Prominence can move to the secondary stressed syllable in a word like ‘controversial’ when it is followed by a word with another prominent syllable, particularly when the first syllable of the following word is prominent:

She gave a CONtroversial ANswer.

This is sometimes called stress shift. Stress shift can only happen in words where a secondary stress comes before main stress. Here are some more examples:

ˌunder’stand – I UNderstand EVerything.
ˌdisap’pointing – It was a DISappointing OUTcome.

Other words which often have stress shift include:
• ˌalto’gether, ˌinde’pendent, ˌindi’stinct, ˌmedi’ocre, ˌsatis’factory, ˌuni’versity, ˌweek’end, ˌworth’while.
• some place names which have main stress on the last syllable, such as: ˌBer’lin, ˌMontre’al.
• -teen numbers – ˌthir’teen, ˌnine’teen; and two-part numbers – ˌforty-‘five, ˌseventy-‘eight.

Note : Some other words with secondary stress rarely have stress shift. For example:
ˌapproxi’mation, ˌcorre’spondence, ˌinde’cision, proˌnunci’ation.
For particular emphasis or contrast, syllables other than those with main or secondary stress can be made prominent:

‘hopeful
A: I agree with you that it’s HOPEless.
B: No, I said it was hopeFUL.

re’ported
A: Apparently, Kim’s been dePORTed.
B: No, he’s been REported.

Exercises:

Exercise 1
Are these one-stress words (write 1) or two-stress words (2)? Capitalize the main stressed syllables and underline the secondary stressed syllables. Use your dictionary if necessary.

EXAMPLES      exPERiment (1)     thermoSTATic (2)
1 occasional ( )              4 cosmopolitan ( )     7 electronic ( )
2 supplement ( )           5 pedestrian ( )           8 spectacular ( )
3 temperamental ( )   6 incoherent ( )           9 documentary ( )

Now listen, check your answers and repeat the words.

1 ocCAsional (1 )              4 cosmoPOlitan (2 )     7 elecTROnic ( 2)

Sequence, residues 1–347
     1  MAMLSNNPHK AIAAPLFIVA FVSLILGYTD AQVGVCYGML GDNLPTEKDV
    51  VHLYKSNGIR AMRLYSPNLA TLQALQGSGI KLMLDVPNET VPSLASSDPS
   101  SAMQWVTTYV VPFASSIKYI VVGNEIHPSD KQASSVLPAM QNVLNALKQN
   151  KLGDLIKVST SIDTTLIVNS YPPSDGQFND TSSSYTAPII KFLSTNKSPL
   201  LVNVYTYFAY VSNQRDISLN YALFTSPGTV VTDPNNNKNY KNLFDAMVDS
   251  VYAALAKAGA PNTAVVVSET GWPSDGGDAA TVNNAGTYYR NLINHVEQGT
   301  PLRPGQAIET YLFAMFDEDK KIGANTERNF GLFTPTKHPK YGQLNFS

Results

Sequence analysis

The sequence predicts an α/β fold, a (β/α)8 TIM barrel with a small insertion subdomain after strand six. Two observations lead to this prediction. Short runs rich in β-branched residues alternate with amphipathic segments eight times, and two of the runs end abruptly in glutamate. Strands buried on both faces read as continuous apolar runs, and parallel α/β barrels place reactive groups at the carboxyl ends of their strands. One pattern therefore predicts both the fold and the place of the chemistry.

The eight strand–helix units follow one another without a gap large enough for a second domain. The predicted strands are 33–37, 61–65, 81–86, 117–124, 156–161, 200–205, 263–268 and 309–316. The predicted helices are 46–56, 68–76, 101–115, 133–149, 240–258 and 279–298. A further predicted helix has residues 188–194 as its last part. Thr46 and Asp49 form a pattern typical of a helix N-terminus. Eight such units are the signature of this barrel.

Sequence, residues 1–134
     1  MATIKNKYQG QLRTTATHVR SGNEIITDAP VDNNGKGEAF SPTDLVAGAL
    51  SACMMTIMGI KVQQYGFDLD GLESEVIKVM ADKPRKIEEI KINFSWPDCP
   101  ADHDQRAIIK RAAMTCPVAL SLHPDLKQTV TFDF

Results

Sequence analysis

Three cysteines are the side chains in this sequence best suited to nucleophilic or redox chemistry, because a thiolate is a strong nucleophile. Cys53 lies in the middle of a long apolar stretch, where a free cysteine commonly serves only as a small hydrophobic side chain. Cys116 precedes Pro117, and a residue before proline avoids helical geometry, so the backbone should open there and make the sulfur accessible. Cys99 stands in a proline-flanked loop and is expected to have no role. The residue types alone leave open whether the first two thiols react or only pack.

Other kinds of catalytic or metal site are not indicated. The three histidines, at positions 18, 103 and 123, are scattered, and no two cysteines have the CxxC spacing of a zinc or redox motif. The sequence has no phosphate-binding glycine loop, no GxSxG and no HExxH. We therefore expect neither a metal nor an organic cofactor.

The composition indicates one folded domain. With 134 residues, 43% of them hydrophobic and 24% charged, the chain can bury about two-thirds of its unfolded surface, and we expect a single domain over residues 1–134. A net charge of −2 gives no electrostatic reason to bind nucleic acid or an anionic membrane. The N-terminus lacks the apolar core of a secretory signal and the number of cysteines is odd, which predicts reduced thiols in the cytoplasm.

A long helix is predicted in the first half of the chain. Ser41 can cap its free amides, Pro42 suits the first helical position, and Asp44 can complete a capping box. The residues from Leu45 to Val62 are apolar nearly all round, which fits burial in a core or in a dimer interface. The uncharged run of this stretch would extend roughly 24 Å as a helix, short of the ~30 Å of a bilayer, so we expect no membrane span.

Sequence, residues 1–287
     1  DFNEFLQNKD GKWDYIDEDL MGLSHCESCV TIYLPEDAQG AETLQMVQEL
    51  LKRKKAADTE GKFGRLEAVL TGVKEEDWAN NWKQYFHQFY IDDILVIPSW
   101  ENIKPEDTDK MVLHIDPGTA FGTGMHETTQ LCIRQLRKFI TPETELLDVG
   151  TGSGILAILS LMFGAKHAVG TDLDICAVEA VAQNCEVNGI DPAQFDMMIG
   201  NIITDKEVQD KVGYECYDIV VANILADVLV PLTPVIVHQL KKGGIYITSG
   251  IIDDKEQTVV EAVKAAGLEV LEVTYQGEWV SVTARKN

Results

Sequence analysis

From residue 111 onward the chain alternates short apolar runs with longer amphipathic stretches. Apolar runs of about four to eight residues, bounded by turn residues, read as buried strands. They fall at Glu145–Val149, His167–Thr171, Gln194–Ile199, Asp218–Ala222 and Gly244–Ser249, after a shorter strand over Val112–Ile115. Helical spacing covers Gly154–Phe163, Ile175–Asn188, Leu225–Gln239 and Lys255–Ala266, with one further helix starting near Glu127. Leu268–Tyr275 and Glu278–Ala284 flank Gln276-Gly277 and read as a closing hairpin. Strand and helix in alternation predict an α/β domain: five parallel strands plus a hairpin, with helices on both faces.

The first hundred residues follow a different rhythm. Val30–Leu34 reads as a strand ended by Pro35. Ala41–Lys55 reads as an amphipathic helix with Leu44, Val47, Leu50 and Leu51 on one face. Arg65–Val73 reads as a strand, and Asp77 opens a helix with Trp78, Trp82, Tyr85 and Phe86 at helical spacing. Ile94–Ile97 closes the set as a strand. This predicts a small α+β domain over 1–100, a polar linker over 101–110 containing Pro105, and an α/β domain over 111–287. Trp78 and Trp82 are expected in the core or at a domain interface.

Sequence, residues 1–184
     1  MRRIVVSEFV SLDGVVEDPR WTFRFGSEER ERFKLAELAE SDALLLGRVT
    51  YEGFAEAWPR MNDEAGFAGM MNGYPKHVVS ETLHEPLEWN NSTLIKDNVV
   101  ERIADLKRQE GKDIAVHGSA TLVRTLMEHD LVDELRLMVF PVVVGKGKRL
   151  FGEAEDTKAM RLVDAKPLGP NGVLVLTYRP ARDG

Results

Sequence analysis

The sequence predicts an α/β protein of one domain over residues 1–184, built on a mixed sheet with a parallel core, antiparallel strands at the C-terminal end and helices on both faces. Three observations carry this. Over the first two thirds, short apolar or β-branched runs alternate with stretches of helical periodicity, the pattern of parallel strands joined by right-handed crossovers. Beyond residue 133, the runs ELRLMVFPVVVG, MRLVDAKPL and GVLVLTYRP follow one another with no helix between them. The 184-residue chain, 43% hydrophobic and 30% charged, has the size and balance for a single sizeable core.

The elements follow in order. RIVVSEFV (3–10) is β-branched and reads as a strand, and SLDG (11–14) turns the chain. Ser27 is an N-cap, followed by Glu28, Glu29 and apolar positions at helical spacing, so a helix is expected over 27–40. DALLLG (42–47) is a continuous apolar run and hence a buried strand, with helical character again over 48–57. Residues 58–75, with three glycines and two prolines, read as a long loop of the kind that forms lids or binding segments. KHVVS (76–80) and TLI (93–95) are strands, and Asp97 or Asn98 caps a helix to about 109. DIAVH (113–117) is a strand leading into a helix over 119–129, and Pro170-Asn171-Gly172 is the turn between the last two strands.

2 SUPPlement (1 )           5 peDEStrian (1)           8 specTACular ( 1)
3 temperaMENtal (2 )   6 incoHERent (2)           9 docuMENtary ( 2)

Exercise 2
Underline the syllable you think is most likely to have prominence in the words in bold. In which two of these words is stress shift not possible?


EXAMPLES
We used to live near the Berlin Wall.
She’s got a job in Berlin.

1 I’m working on my pronunciation.
2 It was just a routine job.
3 The film was made for propaganda purposes.
4 The region has a Mediterranean climate.
S Next month she’ll be sixteen.
6 There was a satisfactory outcome.
7 The country was declared independent.
8 I love living next to the Mediterranean.
9 It cost sixteen euros.
10 The book was just political propaganda.
11 The operation was quite routine.
12 They appointed an independent judge.
13 The result was satisfactory.
14 I’m doing a pronunciation course.

Now listen and check your answers. Then say the sentences aloud.
*indicates stress shift.
1 pronunciation
2 routine *
3 propaganda
4 Mediterranean *
5 sixteen
6 satisfactory *
7 independent
8 Mediterranean
9 sixteen *
10 propaganda
11 routine
12 independent *
13 satisfactory
14 pronunciation

The words which do not have stress shift are ‘pronunciation’ and ‘propaganda’.

Exercise 3
Listen and underline the syllable that has main stress in these words:

handbag      concise       disarming        footbridge         lifelike   paintbox      subjective          tablecloth

Answer:

handbag      concise        disarming      footbridge        lifelike     paintbox          subjective     tablecloth

Now use the words to complete these conversations. Then underline the syllable in the word that you think is likely to be prominent.

EXAMPLE A: So we have to take the old footpath ?
B: No, we take the old __footbridge__.

1 A: So you thought the work was precise ?
B: No, I said it was _______ .
2 A: You’ve lost your handbook, have you ?
B: No, I’ve lost my ________ .
3 A: Yes, I thought the performance was lifeless, too.
B: No, I said I thought it was ________ .
4 A: I didn’t think his findings were very objective.
B: No, they were very ________ .
S A: Does the tabletop need washing?